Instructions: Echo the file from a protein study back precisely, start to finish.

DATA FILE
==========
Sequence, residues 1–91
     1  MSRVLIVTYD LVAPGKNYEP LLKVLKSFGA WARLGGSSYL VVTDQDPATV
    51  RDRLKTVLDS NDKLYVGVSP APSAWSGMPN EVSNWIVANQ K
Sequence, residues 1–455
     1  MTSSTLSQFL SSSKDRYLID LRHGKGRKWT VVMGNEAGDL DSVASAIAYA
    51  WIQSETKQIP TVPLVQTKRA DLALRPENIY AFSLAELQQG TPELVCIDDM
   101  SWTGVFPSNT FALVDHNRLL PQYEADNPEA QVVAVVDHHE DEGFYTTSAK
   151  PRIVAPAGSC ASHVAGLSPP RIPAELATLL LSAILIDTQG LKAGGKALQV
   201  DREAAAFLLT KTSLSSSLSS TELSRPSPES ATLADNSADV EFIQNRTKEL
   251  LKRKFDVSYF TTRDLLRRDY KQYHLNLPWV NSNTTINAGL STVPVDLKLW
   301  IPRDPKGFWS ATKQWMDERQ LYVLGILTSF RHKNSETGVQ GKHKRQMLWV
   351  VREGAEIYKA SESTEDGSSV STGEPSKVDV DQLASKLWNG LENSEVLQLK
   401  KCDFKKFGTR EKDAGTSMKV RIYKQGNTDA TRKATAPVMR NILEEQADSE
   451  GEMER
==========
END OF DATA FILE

Sequence, residues 1–91
     1  MSRVLIVTYD LVAPGKNYEP LLKVLKSFGA WARLGGSSYL VVTDQDPATV
    51  RDRLKTVLDS NDKLYVGVSP APSAWSGMPN EVSNWIVANQ K
Sequence, residues 1–455
     1  MTSSTLSQFL SSSKDRYLID LRHGKGRKWT VVMGNEAGDL DSVASAIAYA
    51  WIQSETKQIP TVPLVQTKRA DLALRPENIY AFSLAELQQG TPELVCIDDM
   101  SWTGVFPSNT FALVDHNRLL PQYEADNPEA QVVAVVDHHE DEGFYTTSAK
   151  PRIVAPAGSC ASHVAGLSPP RIPAELATLL LSAILIDTQG LKAGGKALQV
   201  DREAAAFLLT KTSLSSSLSS TELSRPSPES ATLADNSADV EFIQNRTKEL
   251  LKRKFDVSYF TTRDLLRRDY KQYHLNLPWV NSNTTINAGL STVPVDLKLW
   301  IPRDPKGFWS ATKQWMDERQ LYVLGILTSF RHKNSETGVQ GKHKRQMLWV
   351  VREGAEIYKA SESTEDGSSV STGEPSKVDV DQLASKLWNG LENSEVLQLK
   401  KCDFKKFGTR EKDAGTSMKV RIYKQGNTDA TRKATAPVMR NILEEQADSE
   451  GEMER